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Herstory Repeats Itself

[Detail of Sundus Abdul Hadi's [Detail of Sundus Abdul Hadi's "Rumanna" (2011). Image copyright the artist.]

There is always a beginning. I reflect my ancestry and hope to do it justice by continuing to survive creatively. The complexity of our post-modern lives has both limited and made limitless our capabilities to reference our past. While many of us are blessed with mobility and migration, we are similarly plagued with displacement, political corruption and social status-quos. We flock to museums and gawk over our inherited histories, spiritually disconnected from the artifacts of the deceased. We consume official narratives at every angle, whether it be through our history textbooks, television sets, radios, computer or mobile screens. But we rarely take the time to heal and tell our own story. It is through artwork and teaching that I strive to empower our own stories, for those whose voice is nowhere to be heard in the mainstream, or to simply question the official narrative and its intentions. When I reference Sumerian mythology through my research and artwork, it is not only a nod to my roots, but rather an attempt to discover the links that bind our time with theirs. We are not so different after all, except that what was once analog is now digital, give or take the 7,000 years that span in between. But the underlying statement in my work is that I’m rewriting my own history, and remembering some of the spiritual tools that we lost somewhere along the way.

History repeats itself after all.

                                                                                                [Inanna "The Queen of the Night" (Southern Iraq, c. 1765-1745 BC). British Museum                                                                   Department of the Middle East. Image courtesy of the author.]

The mythology of Inanna, the Sumerian Goddess of war and fertility, has been a repetitive symbol in my studies and references. In my attempts to find the commonalities between this ancient deity and our modern day struggles, I have found Inanna everywhere. Last week, I scrambled my way to the British Museum only hours before leaving London on a short trip to look for Inanna. I found her there, perhaps smaller and less significant than I had imagined her, set in clay, ancient yet surviving. I felt strange bearing witness to the traces of my past, particularly in the context of a museum that is complicit in acquiring such a large fragment of our shared history through colonization. At the same time, I acknowledge the looting, neglect and black market trading of the artifacts that remained in Iraq. Eavesdropping on the museum guide, and reading the little placards, I questioned how our history was assumed, written and approved.

Observing the artifacts, it was frustrating realizing that we are continuing a tradition of inherited violence. I was sad that our obsession with battles has not wavered, and our addiction to building has only increased.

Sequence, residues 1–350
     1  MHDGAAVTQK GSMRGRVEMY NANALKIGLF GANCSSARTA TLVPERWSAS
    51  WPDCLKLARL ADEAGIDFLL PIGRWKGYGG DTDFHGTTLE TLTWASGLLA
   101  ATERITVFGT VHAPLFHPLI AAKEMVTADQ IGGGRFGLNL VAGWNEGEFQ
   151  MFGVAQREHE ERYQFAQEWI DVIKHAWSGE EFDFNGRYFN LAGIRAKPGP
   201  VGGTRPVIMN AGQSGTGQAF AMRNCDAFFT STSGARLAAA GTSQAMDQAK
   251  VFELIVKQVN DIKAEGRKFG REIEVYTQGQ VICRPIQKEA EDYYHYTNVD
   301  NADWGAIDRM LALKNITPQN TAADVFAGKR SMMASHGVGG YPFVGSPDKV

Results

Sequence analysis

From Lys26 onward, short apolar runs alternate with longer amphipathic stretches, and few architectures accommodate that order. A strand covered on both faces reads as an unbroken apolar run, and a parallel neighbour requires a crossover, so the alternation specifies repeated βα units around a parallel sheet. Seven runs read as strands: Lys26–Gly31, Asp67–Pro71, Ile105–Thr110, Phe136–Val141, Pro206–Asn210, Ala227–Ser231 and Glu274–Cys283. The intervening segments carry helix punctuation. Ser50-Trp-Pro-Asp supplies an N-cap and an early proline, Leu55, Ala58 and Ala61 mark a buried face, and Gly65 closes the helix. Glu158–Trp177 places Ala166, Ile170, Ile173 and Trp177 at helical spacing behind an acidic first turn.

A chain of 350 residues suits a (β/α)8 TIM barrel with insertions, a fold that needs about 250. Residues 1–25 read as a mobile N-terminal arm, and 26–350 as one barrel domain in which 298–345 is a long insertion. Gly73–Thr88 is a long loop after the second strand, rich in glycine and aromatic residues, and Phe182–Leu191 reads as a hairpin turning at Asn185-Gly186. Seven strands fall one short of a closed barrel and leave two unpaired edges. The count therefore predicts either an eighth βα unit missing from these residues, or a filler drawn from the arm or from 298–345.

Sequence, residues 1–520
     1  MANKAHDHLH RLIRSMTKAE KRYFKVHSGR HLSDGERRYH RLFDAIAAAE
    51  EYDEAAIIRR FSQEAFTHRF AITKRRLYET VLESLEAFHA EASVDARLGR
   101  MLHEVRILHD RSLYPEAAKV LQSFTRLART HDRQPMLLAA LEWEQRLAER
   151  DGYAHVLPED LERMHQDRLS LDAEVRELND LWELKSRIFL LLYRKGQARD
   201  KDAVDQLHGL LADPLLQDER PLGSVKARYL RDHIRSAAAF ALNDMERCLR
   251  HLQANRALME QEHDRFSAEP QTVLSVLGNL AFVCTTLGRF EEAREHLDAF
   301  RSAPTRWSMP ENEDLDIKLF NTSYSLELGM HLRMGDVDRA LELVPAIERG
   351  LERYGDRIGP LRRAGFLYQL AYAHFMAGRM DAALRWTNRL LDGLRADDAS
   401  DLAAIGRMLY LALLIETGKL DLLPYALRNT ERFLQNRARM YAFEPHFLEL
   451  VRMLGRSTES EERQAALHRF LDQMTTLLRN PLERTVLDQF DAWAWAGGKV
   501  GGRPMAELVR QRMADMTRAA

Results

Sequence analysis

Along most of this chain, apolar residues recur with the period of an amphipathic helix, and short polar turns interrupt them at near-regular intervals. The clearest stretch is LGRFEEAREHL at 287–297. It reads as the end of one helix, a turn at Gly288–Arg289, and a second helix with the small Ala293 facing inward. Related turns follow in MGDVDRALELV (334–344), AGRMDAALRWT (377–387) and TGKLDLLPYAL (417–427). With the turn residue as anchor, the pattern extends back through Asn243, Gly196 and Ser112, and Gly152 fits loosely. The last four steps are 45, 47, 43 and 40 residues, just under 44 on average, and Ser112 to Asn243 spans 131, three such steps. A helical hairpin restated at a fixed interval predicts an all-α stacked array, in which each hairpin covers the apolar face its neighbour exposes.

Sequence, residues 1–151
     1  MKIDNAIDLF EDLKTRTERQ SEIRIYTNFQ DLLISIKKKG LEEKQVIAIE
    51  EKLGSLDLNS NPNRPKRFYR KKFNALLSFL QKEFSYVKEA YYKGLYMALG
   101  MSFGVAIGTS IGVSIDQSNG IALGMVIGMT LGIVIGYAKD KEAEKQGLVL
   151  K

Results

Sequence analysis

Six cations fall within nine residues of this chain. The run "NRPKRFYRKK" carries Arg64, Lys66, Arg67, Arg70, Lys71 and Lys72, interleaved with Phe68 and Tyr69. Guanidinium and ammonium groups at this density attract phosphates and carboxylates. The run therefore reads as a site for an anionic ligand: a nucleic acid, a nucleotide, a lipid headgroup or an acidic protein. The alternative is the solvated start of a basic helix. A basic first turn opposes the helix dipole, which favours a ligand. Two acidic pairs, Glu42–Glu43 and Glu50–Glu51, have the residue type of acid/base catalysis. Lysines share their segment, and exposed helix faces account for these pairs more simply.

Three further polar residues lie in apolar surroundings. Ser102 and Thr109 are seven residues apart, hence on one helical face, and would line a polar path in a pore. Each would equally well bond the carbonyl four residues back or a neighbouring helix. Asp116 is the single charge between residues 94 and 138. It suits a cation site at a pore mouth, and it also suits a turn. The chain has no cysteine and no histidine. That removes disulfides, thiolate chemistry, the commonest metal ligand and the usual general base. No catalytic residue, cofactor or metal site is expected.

In the process of reflecting a re-imagined and subversive reality through my work, the ugly face of exploitation, corruption, violence and suffering infiltrate my space. It is everywhere, no matter how hard our governments or institutions try to hide it. Moreover, the same museums that give us insight to our histories hide countless other truths in their storage rooms, deeming them historically insignificant or otherwise too significant. It is omission that is most dangerous when it comes to our abilities to self-reflect as a people. It is in the face of adversity that we need to be the most aware of our ancestors’ triumphs and weaknesses, and the tools we were innately given to overcome it. However, in today’s big brother-esque information era, we are limited in our overwhelming freedom.

The only way I have learnt how to overcome the limitations of history is by reclaiming the images that are supposedly meant to represent us but in fact hold us down instead. Experiencing the gross misrepresentation of Iraqis, Arabs and Muslims in Western media post-911, and particularly during the illegal invasion of Iraq, I collected many megabytes of media images that represented my people as one-dimensionally oppressed or violent. I used the process of reclaiming those images through subversive collage for many years, most intensely during the production of the Warchestra series, a multimedia painting and sound installation. Conceptually, the Warchestra project was rooted in intense identity politics that blended my own position as an Iraqi-Canadian spectator to the political dynamics of the ongoing war in Iraq.

         [Sundus Abdul Hadi, "Ministry of Justice (Conductor)" (2010), from the Warchestra series. For accompanying audio from             the installation of the series click here. Image copyright the artist.]